Washington (CNN) - House Democratic leader Nancy Pelosi is ruling out any budget deal that does not include new tax revenues.
She was responding to a report on Wednesday in the Wall Street Journal that said President Barack Obama has signaled he wouldn’t insist on that condition.
"Our position is that we are going to the table in order to reduce the deficit, grow the economy, create jobs, end the sequester - revenue needs to be on the table," Pelosi said when asked by CNN about the report.
The article said Obama indicated in discussions with Senate Republicans that he could support a proposal to eliminate some of the forced sequester spending cuts, even if they were paid for without tax increases. Senate Republicans suggested the President was open to using savings from changes to entitlement programs, such as agriculture subsidies.
For the first time in four years a bicameral bipartisan budget conference committee met Wednesday to work on a fiscal blueprint to address federal spending levels.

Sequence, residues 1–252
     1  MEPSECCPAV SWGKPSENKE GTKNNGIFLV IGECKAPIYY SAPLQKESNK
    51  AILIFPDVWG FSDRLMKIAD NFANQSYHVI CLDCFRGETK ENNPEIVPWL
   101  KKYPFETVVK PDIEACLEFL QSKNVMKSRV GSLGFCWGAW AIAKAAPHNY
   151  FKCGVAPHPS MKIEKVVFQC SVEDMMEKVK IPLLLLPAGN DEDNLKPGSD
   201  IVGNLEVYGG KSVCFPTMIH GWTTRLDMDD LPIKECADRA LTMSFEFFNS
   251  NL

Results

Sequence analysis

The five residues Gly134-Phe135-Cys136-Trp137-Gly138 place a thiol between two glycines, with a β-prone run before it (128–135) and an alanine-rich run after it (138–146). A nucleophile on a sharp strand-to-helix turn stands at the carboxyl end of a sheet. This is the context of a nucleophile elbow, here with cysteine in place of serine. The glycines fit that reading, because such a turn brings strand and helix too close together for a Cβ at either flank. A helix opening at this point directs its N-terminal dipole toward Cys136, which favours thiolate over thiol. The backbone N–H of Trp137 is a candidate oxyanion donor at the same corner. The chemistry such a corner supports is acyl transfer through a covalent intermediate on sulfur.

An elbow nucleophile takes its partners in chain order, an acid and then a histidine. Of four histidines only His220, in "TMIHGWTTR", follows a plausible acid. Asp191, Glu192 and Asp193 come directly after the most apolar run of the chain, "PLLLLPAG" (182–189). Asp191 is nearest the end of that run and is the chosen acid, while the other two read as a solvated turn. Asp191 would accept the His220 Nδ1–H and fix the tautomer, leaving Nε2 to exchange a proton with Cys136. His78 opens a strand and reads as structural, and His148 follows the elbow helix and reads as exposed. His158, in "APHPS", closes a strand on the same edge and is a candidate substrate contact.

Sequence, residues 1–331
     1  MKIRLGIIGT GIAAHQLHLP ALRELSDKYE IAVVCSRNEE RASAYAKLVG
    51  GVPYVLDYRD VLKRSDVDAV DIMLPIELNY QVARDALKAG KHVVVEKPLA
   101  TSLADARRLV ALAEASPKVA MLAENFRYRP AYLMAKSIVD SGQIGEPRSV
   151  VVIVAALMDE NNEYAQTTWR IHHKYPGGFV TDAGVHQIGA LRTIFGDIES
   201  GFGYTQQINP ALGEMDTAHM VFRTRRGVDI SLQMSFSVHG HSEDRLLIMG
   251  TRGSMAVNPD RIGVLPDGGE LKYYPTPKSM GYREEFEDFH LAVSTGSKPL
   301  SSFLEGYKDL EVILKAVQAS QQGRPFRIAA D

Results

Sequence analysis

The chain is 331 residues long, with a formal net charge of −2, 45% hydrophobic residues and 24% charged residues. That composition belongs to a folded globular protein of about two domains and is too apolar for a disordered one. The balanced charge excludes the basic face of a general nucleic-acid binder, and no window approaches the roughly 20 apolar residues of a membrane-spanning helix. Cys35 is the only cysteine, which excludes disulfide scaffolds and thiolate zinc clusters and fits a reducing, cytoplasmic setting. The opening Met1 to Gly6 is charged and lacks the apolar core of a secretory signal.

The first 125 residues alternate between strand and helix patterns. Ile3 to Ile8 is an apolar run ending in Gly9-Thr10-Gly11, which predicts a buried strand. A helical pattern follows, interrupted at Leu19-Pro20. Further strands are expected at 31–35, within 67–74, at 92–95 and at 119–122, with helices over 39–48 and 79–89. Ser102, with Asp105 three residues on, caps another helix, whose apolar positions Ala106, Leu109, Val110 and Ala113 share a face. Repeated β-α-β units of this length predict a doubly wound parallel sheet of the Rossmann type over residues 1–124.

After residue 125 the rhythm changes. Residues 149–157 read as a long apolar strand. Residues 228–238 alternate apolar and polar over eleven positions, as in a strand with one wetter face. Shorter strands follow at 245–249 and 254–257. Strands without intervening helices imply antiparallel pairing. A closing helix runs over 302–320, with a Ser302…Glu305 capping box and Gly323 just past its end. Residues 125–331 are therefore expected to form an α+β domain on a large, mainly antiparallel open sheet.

Pelosi argued any proposal addressing the budget has to be comprehensive.
"If you're not going to have revenue who's going to pay? Granny on Medicare? That's not something we can accept," Pelosi said.
She isn't the only top Democrat closing the door on a fiscal deal without new revenues.
Senate Majority Leader Harry Reid was asked on Tuesday if he would consider such an agreement and he said, "No."
The budget committee session in the Capitol lasted two and a half hours, but the meeting consisted mostly of House and Senate members on the panel restating their positions.
Many of them urged Congress to compromise, but there was no back and forth about any potential agreement.
The chairman of the panel, House Budget Committee Chairman Paul Ryan, announced the committee won't meet in another open session for two weeks, stating that both chambers aren't scheduled to be in Washington at the same time until then.